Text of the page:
Brasseries in Paris: Brasserie Gallopin
40, rue Notre Dame des Victoires, in the 2nd Arrondissement.
01 42 36 45 38. 7 a.m.–4 a.m. daily.
No one could accuse the French food scene of being boring or resistant to change—it seems a new experimental-gastronomy hot spot opens every other week—but there is something to be said for traditionalism. After all, French food is world renowned for a reason. On an accidental trip to Brasserie Gallopin
I rediscovered the culinary beauty of French classics, via one of the better brasseries in Paris.
Photo: Brasserie Gallopin
Facing the neoclassical Palais Brongniart on rue Notre Dame des Victoires, Brasserie Gallopin was founded in 1876 by Gustave Gallopin. A renovation in August 2011 restored the oak walls, zinc bar and gilded ceilings of the Belle Epoque dining room and the Philosophers’ Room. Though the first room may appear small, the brasserie stretches into room after room of elegant, postured dining areas lit by ornate chandeliers and floor-to-ceiling mirrors. For a special birthday dinner for a visiting friend, I had planned for us to try the Top Chef
treatment at the similarly named Galopin in the 10th, but after some confused Googling we ended up here at Brasserie Gallopin, and we got more than our share of authentic, well-made French dishes.
To open the meal, I had my first taste of escargots, a dish it has taken my entire life to work up the guts (so to speak) to try. After a few moments of Pretty Woman
–esque fumbling with snail tongs, I dug the tasty morsels of garlicky goodness out from their shells and discovered a new favorite food. But my companion’s duck foie gras was the star of the table. Light and fresh, the spread on toast was simple, rich and layered in rounds of flavor that ranged from savory to a hint of fruity (I joked that I guessed they’d fed the ducks strawberries).
Our mains were good but not remarkably so. My steak was well prepared but not especially bursting with flavor, and my companion noted that his chicken leaned on the salty side—but our desserts were out of this world. My gianduja chocolate cake was densely rich and melt-in-your-mouth sweet, surrounded by a delicate white chocolate sauce. My friend’s trio of sorbets was light and powerfully fruity—the perfect end to such a rich meal—but the true surprise was the giant sparkler candle that arrived atop the dessert in honor of my companion’s birthday. I don’t know about you, but I’ve never seen a French restaurant acknowledge a patron’s birthday, ever. Four of the traditional white-suited waiters, who had been courteous and welcoming throughout the meal, brought over the flaming dessert together and awkwardly put the candled dish before him, smiled and walked away. There was no singing “Joyeux Anniversaire” in loud, attention-garnering rounds, but baby steps—this is still Paris, after all. They have to maintain their dignity somehow.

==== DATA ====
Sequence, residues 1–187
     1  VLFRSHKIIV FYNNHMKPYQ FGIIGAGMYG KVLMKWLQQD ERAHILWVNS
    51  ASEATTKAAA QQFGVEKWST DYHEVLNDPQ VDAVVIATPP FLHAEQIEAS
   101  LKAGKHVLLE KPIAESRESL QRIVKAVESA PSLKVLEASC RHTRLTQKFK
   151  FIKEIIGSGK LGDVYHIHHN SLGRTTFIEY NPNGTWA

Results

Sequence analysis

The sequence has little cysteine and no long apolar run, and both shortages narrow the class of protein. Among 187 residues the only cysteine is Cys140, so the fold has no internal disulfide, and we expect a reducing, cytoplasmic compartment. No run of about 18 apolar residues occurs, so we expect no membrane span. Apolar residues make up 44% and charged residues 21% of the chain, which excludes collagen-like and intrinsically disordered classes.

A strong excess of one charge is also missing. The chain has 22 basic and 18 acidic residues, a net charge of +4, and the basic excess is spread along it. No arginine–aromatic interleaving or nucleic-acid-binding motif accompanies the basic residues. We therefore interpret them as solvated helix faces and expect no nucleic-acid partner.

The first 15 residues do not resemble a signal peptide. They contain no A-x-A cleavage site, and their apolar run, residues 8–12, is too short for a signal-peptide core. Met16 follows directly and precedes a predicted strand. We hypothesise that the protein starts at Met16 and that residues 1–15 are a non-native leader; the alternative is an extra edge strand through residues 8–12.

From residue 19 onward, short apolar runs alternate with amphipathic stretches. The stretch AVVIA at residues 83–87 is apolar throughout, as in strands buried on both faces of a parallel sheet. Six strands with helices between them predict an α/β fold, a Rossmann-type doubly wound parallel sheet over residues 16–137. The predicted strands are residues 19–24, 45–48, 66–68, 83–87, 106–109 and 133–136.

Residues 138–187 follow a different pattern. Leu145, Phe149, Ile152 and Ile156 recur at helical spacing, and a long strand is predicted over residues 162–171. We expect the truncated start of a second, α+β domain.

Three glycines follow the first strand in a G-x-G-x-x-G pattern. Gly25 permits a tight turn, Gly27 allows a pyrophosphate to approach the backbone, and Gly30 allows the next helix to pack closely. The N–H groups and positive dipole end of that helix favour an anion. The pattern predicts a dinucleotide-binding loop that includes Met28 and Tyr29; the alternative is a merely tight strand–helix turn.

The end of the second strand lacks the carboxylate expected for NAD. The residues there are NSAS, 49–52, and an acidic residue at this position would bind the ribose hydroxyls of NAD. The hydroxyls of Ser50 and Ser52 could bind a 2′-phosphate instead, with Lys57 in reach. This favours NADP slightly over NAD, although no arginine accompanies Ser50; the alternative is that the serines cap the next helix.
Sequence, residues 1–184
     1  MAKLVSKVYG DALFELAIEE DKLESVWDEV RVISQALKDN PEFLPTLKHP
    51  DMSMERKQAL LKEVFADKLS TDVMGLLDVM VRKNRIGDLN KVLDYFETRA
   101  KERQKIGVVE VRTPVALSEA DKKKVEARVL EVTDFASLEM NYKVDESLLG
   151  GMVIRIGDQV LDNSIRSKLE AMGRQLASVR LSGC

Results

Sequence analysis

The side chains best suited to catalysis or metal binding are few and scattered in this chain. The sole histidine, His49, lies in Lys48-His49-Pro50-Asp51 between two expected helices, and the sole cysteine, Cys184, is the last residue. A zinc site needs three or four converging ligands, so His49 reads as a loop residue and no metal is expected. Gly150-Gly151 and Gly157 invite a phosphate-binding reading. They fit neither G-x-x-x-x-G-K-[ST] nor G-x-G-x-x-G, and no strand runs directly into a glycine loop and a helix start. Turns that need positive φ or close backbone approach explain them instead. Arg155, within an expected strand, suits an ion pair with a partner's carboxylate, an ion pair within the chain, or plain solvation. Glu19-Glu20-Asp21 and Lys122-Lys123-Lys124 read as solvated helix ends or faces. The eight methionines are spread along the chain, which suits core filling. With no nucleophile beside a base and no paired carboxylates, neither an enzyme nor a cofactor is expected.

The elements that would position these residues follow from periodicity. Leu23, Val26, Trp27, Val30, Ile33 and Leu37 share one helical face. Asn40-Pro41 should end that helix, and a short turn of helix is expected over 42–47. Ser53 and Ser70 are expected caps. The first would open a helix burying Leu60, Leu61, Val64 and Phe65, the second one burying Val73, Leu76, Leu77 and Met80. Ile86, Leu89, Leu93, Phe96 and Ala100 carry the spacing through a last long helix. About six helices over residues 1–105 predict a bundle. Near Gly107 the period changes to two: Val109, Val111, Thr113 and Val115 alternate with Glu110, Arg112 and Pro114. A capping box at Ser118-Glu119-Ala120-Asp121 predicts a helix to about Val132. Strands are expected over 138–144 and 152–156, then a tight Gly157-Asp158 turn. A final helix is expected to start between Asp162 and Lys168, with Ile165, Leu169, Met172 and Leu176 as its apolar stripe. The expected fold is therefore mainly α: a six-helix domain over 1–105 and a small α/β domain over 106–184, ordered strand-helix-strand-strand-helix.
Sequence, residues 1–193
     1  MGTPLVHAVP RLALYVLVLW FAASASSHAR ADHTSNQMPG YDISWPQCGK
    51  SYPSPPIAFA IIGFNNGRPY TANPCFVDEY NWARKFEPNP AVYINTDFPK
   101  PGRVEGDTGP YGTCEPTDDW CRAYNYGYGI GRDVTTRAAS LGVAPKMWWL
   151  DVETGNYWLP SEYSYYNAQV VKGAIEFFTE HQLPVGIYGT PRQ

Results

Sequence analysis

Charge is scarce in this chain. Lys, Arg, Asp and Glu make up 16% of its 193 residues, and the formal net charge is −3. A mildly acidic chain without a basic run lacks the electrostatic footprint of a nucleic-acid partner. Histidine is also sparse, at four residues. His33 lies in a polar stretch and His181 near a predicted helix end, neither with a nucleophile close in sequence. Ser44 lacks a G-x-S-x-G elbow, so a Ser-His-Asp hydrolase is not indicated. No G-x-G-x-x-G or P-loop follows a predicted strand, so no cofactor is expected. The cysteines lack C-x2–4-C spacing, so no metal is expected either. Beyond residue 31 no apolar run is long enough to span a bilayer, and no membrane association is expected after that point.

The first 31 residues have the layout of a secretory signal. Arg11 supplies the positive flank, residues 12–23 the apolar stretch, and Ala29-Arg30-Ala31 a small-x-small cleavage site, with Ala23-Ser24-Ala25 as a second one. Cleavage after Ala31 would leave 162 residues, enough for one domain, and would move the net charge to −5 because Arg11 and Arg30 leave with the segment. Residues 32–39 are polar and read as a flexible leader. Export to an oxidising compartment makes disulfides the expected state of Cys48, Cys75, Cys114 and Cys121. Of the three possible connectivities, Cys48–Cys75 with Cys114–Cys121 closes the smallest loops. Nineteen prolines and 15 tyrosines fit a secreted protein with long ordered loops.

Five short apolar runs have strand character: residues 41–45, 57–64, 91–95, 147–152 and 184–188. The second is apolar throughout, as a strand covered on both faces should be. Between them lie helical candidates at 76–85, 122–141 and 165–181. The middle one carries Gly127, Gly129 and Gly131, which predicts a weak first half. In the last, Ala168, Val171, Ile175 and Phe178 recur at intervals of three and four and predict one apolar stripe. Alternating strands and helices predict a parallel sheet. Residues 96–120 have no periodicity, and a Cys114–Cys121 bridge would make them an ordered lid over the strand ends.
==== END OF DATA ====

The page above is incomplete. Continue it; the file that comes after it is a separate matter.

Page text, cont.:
In a nutshell
: For well-made, traditional French food served in a spectacularly elegant setting by almost comically stereotypical waiters, head to Brasserie Gallopin.
: Starters, 12–19 euros; mains, 15–38 euros; desserts, 8.50–9.50 euros; Menu des Victoires: three courses for 32 euros.
If you like the sound of Brasserie Gallopin,
you might also enjoy a smaller but oh-so-worthy brasserie in the 15th, La Cantine du Troquet Dupleix. Read the review.
La Cantine du Troquet Dupleix
53, boulevard de Grenelle, in the 15th Arrondissement.
01 45 75 98 00. No reservations.
Open daily, 7 a.m.–11:30 p.m.
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